Keep your pool pristine and in perfect working order with the help of a pool maintenance professional. Pool maintenance goes above and beyond sweeping and leaf removal to ensure that the chemicals in your swimming pool stay balanced and that basic care is performed on an ongoing basis. The costs for pool maintenance can vary based on the size of your pool, the type of care it requires, and the frequency of services. Another key factor in cost is your location, as services have a higher price tag in regions with a higher cost of living and higher costs to do business.
When selecting a pool professional, always ensure they are qualified and experienced, hold any relevant certifications, and are properly insured. Reading reviews goes a long way toward finding the right fit for your pool maintenance needs. Whether you only need partial service (they do the chemicals, you handle the dirty work) or you’d like regular, full-service maintenance, here are the cost factors involved:
Monthly full-service maintenance
Most pool cleaning and maintenance companies offer a monthly price for their weekly services. You may opt for service each week or every two weeks; frequency will impact cost.
Services vary by company and can include skimming the pool, brushing the pool and steps, emptying skimmer and pump baskets, testing pool water and adjusting and adding chemicals as needed, vacuuming the pool as needed, cleaning debris filter screens for in-floor systems, unclogging pump impellers, unclogging vacuum cleaner turbines/diaphragm, and backwashing the pool sand filter when pressure is high.
Pool pros provided us with examples of their monthly costs and explained the factors that can increase these standard rates. "Pool size, amount of foliage around the pool, age and condition of pool equipment, and the location of house (if it’s in or out of our service area) can all impact the average monthly rate for services," explains Debbie Tyer of Humble Bee Pool Service and Repair in Mesa, Arizona. Here are a few examples—all of which include the cost of chemicals:
Average monthly cost for full-service pool maintenance: $85-$120, depending on pool, from Humble Bee Pool Service and Repair.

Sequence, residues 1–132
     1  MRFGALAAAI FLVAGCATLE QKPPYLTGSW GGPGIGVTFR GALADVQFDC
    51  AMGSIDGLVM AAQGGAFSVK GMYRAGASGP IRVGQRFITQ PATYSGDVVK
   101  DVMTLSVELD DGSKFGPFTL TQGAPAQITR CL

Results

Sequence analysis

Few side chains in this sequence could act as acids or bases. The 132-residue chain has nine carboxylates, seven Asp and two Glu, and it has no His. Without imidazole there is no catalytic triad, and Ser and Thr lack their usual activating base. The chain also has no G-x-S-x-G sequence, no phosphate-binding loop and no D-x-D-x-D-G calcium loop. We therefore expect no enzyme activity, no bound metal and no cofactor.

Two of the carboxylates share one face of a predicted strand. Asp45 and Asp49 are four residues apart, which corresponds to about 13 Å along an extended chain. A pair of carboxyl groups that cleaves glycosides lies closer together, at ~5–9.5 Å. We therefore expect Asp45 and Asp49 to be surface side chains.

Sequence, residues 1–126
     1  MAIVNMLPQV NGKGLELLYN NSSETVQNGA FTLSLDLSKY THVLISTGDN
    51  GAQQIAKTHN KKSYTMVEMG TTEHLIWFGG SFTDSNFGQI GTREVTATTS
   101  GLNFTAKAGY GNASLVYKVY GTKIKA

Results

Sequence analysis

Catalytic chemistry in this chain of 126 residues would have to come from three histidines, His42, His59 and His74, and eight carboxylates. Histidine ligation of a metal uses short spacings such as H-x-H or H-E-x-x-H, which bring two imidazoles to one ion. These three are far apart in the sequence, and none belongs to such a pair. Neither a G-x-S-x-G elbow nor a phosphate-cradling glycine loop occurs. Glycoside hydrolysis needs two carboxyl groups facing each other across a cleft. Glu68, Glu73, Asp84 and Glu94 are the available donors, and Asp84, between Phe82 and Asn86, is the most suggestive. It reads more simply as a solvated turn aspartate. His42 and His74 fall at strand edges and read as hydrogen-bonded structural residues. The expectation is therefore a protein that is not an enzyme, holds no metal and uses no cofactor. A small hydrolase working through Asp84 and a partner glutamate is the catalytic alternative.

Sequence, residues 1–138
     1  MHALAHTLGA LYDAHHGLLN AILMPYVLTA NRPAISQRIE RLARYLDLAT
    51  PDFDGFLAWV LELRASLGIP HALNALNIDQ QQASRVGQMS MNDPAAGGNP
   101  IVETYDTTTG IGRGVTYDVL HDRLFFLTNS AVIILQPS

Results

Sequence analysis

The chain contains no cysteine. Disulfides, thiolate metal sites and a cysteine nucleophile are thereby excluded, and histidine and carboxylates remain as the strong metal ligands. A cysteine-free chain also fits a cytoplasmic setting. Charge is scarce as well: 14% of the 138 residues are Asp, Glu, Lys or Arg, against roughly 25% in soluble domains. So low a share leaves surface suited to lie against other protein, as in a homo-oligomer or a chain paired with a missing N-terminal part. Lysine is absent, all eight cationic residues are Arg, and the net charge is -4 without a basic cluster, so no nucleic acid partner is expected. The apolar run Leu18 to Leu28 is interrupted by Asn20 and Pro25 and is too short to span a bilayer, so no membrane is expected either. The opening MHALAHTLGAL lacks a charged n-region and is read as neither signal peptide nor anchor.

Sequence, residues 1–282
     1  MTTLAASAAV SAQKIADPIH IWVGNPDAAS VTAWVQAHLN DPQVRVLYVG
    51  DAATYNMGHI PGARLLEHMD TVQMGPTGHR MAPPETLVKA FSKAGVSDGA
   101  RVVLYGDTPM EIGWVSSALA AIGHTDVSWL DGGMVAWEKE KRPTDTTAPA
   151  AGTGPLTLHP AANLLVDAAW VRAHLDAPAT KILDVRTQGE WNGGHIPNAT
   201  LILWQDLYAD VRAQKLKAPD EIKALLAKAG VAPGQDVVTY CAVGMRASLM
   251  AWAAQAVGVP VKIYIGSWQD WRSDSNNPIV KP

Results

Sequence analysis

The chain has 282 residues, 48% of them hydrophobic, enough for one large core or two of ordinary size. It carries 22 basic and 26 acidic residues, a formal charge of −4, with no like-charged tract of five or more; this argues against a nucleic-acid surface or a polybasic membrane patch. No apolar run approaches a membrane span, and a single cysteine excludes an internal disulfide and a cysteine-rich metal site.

Sand filters need to be backwashed every week in the summer and every two to three weeks in the winter. This service is included in the monthly fee.
- Diatomaceous earth (DE) filters should be backwashed about every two to three months or when the filter pressure is high. This service is included in the monthly fee.
Average monthly cost for full-service pool maintenance: $80 from Terrell Witt of Integrity Pool Care in Scottsdale, Arizona.
- Includes 1 pound of granular chlorine and 2 chlorine tablets. Service for larger pools may cost more due to increased cost of chemicals.
Average monthly cost for full-service pool maintenance: $90-$95, depending on pool size, from Kyle Bernard of Radiance Pools in Tempe, Arizona.
Weekly logs and photos showing services performed or chemicals added to the pool during maintenance are emailed to the client.
- Bimonthly full-service maintenance: $50 average from Radiance Pools.
Chemical maintenance only
Homeowners can have a lower monthly maintenance fee if they opt for chemical-only treatment. This means the homeowner assumes responsibility for basic cleaning and maintenance, such as skimming and brushing the pool, emptying baskets, etc., and the pros handle all the chemical additions and adjustments. Here are some examples of chemical-only monthly maintenance costs:
Monthly cost for chemical-only service: $65-$80, depending on pool size, from Humble Bee Pool Service and Repair.
- The larger the pool, the more chemicals are required, increasing the cost.
Cartridge filters need to be cleaned out at least once a year, explains Tyer of Humble Bee Pool Service and Repair. They use a combination of muriatic acid and high-pressure water to get the filters clean, and charge $100 for the service. Bernard with Radiance Pools recommends cleaning filters biannually to have them working in peak condition. His company charges $80 per filter cleaning. "A dirty filter can cause a high backpressure, which makes the pump work harder and the water filter slower," explains Bernard with Radiance Pools. “ This can lead to equipment damage and green or cloudy water.”